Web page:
@ Your Library: Language database soon online

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By the time this reaches you, the details will have been worked out for a trial run of Mango Languages, a commercial database I mentioned in my last column. If all goes as it should, our tech god will make it available from our website and I will be emailing instructions for access to those in the community with a special interest, like ESL instructors and those patrons connected to the Columbia Basin Alliance for Literacy. I will also send out an email to several of the lists I have to notify those patrons the date the trial becomes active. There will also be instructions on the website for those of you who use our website or Facebook page. If you need more information, give the library a call, the staff can give you the information you need to try out this library product.

When it comes to dealing with companies with any kind of product we use, from audio books to paid databases, the words “change of policy” generally mean they are going to ask for more money, give nothing more in return or give you something you don’t want. I am sure those “bundles” Shaw and Telus offer were introduced the same way. This might be a little different; minutes ago I was informed that Overdrive, the company that provides libraries with digital books has made some policy changes. Of course they have: ebooks have done nothing but increase in popularity and, as was pointed out, this Christmas is going to be huge in terms of sales for e-readers and iPads. Most of the books made available now are also Kindle friendly, which will increase the sales substantially.

Overdrive is the corporation that distributes Library-to-go and there is not a library website in North America I have looked at that does not mention either Library-to-Go or Overdrive as their ebook supplier. They own the digital books for library world and it is like the utility companies in the Kootenays — there is no choice and you have to have what they are selling. Overdrive has just said that libraries that serve populations of over 100,000 must have standalone collections. As it is now, all libraries in B.C. participate in a consortium purchase of materials and our cost is shared with all libraries. There are 10 systems in the province serving populations of over 100,000. All but two of these libraries, Coquitlam and Thompson Nicola are renegotiating contracts, and the rest of us “will regroup to reconstitute the collections subgroup.”  That means, “Libraries remaining in the consortium should budget for a slight increase over last year’s assessment.”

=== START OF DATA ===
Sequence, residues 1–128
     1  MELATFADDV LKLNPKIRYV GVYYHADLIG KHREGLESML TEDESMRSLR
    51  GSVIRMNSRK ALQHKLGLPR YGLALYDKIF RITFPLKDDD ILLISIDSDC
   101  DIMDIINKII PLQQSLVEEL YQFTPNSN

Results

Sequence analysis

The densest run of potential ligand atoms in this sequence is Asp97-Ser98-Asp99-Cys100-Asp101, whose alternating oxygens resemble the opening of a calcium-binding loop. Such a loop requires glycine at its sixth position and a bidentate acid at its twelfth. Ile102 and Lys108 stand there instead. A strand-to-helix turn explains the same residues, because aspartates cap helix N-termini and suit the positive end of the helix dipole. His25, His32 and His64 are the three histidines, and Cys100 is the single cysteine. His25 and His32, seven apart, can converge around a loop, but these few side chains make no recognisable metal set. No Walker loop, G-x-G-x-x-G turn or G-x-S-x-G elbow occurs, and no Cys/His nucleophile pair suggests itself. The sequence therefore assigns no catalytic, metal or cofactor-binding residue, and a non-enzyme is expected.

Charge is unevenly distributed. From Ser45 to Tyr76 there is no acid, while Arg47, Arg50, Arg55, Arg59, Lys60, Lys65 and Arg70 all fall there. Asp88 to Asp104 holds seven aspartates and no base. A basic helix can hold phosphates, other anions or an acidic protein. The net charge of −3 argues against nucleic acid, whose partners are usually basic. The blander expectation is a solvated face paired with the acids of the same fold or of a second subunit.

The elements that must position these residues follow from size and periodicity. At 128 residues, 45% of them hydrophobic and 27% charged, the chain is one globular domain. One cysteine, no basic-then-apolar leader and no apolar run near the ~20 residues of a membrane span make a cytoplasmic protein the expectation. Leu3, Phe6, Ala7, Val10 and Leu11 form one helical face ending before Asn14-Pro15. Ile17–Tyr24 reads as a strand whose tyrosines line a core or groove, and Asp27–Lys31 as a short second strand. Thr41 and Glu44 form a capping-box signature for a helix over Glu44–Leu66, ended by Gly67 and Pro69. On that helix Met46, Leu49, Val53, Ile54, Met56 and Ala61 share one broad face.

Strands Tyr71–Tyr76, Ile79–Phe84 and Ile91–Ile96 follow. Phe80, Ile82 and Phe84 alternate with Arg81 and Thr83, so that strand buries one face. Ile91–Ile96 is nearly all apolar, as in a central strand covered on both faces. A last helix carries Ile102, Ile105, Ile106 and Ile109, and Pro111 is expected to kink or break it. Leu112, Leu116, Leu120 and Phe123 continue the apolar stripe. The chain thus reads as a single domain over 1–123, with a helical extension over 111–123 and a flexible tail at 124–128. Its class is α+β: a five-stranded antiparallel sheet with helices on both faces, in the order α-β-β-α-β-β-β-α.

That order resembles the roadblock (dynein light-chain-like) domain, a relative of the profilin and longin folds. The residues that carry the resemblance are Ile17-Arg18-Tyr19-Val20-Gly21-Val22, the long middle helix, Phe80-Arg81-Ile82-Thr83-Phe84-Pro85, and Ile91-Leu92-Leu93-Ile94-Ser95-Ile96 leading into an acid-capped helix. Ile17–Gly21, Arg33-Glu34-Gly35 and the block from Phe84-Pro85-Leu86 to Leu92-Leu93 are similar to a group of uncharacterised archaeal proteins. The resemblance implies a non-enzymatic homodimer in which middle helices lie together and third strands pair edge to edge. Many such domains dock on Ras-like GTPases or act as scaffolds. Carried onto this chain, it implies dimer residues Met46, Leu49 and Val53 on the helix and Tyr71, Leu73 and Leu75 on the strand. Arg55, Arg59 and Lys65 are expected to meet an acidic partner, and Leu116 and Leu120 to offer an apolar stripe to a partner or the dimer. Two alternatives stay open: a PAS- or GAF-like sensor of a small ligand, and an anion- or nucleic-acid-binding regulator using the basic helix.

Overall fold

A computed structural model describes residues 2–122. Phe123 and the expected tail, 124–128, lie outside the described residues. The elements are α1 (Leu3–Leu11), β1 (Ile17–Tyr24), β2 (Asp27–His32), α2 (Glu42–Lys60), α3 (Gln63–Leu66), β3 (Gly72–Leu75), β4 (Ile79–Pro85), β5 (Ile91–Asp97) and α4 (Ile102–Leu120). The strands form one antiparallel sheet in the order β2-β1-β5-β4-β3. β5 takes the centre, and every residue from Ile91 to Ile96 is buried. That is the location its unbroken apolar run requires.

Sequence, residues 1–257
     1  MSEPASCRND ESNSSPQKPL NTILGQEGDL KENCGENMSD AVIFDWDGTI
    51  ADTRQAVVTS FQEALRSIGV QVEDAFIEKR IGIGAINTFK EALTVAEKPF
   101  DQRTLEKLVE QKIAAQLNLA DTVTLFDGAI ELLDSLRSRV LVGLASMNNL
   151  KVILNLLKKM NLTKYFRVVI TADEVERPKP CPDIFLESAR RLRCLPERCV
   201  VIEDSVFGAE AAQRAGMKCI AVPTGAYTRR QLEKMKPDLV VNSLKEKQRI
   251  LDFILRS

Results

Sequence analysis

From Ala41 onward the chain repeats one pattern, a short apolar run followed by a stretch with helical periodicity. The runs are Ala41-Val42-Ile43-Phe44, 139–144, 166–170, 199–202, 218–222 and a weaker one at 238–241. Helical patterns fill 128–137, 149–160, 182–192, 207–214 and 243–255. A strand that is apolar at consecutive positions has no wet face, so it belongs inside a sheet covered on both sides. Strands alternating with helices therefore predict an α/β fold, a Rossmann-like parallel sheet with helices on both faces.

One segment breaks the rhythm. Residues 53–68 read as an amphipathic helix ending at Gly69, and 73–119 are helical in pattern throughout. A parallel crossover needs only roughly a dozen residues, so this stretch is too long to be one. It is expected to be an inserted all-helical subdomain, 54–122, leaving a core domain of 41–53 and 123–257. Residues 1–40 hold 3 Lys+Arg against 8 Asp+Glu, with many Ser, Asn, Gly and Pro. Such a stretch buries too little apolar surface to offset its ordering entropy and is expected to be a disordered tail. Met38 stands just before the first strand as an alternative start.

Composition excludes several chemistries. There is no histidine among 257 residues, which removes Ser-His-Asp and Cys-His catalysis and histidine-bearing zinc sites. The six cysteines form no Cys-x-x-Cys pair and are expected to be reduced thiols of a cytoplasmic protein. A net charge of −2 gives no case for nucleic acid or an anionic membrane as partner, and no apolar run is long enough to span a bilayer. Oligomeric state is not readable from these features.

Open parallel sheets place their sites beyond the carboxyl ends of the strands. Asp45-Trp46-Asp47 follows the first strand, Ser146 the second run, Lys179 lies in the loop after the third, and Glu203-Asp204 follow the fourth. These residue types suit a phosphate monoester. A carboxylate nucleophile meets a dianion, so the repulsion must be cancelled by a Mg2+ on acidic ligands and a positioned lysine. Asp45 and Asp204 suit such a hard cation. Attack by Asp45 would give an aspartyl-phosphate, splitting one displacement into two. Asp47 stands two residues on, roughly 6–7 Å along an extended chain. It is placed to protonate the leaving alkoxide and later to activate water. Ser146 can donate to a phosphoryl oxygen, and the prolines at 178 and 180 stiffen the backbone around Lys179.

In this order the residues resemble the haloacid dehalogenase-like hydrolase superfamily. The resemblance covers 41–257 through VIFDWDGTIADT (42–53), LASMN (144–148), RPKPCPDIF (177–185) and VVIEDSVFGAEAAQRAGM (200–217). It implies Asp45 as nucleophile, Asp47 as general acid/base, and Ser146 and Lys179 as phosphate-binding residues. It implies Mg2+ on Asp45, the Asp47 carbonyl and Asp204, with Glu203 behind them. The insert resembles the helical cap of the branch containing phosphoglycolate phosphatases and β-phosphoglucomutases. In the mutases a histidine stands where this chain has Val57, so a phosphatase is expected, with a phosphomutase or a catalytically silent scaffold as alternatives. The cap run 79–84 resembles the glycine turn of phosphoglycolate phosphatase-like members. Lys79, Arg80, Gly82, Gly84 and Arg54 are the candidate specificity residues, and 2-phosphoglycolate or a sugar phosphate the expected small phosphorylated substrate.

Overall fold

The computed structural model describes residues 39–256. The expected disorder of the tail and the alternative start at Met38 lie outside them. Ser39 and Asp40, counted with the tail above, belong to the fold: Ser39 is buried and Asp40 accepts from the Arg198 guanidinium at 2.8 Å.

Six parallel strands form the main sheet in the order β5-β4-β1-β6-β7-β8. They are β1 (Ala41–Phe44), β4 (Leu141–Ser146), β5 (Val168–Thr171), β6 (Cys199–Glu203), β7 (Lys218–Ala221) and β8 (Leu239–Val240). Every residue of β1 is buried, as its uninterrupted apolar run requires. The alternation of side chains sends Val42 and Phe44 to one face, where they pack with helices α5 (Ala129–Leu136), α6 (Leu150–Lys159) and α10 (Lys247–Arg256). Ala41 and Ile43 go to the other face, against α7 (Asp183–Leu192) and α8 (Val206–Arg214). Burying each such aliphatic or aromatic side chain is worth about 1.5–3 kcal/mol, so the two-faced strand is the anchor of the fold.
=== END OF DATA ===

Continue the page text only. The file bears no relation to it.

Last year, the Creston library paid approximately $600 for our participation and considering on last check there were 126 ebooks loaned out from our library in the month of September, I think it is going to end up being a good deal for the library even with an increase in the cost to us. We have been informed the notice of increase will arrive within the next month. More on that as information comes in.

Just another reminder about the Nov. 21 showing of Oceans of Plastic at 2 p.m. in the library meeting room and the Friends of the Cinema presentation of Buck at the Tivoli on the Nov. 21 at 7:30 p.m.

Ann Day is the chief librarian at the Creston and District Public Library.

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